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In Guatemala, a rise in vigilante justice

Citizens and police target violent gangs in what some charge is a 'social cleansing' policy.

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Groups of armed, masked men patrol poor neighborhoods. Threatening messages are left on mutilated bodies. Young men disappear, their bodies found later in a ditch.

These acts weren't unusual during Guatemala's 36-year civil war. But people thought the bloodshed would taper off when the war ended in 1996.

Nine years later, though, human rights observers are finding alarming similarities between that violence and what's now happening to gang members and alleged delinquents.

Some say on- and off-duty police officers are involved, while others point fingers at private security guards and vigilante groups. But the killings have raised concerns about a "social cleansing" effort - one that is backed by citizens fed up with crime and insecurity and often willing to take the law into their own hands. Homicides in Guatemala rose 40 percent from 2001 to 2004, according to the government's human rights ombudsman's office.

"The population is tired of the government's lack of solutions to the violence," says Veronica Godoy, who heads the Public Security Monitoring and Support Group.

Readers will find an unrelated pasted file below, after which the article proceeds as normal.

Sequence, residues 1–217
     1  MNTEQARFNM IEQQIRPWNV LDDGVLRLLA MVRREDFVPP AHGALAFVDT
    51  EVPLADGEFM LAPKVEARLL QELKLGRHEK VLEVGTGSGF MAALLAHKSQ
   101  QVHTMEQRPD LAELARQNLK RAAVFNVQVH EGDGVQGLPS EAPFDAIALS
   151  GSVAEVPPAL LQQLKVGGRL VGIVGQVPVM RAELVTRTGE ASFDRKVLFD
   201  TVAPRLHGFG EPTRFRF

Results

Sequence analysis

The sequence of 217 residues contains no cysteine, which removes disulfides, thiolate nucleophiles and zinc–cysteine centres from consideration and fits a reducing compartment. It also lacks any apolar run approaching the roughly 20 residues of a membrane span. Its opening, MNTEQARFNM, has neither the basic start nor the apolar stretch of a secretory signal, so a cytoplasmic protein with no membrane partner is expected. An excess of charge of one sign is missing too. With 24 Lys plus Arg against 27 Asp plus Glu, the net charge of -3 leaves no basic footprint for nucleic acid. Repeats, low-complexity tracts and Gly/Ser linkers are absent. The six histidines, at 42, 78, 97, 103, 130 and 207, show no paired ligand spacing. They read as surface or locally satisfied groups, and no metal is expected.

In Palin, near Guatemala City, armed male residents of a neighborhood recently began patrolling the streets at night. In June, neighbors burned two gang members alive, according to a municipal employee.

Police and media have attributed most of the brutal killings to gang violence. But some experts point to evidence of more sophisticated involvement as well. "The use of certain strategies or tactics [to kill] is worrisome," says Sergio Morales, a government human rights ombudsman, noting signs of torture.

Constant harassment and extortion could be provoking vigilante vengeance. Gangs often force businesses to pay "war taxes," causing many to go broke, relocate, or hire a guard. As a result, "we think small businessmen and their private police are carrying out social cleansing," says Emilio Goubaud, director of Aprede, or the Association for Crime Prevention, a private group that works to rehabilitate gang members.

Ms. Godoy estimates that private security guards now outnumber police three to one in the country. The Guatemalan congress is discussing a law designed to regulate these largely unmonitored forces.

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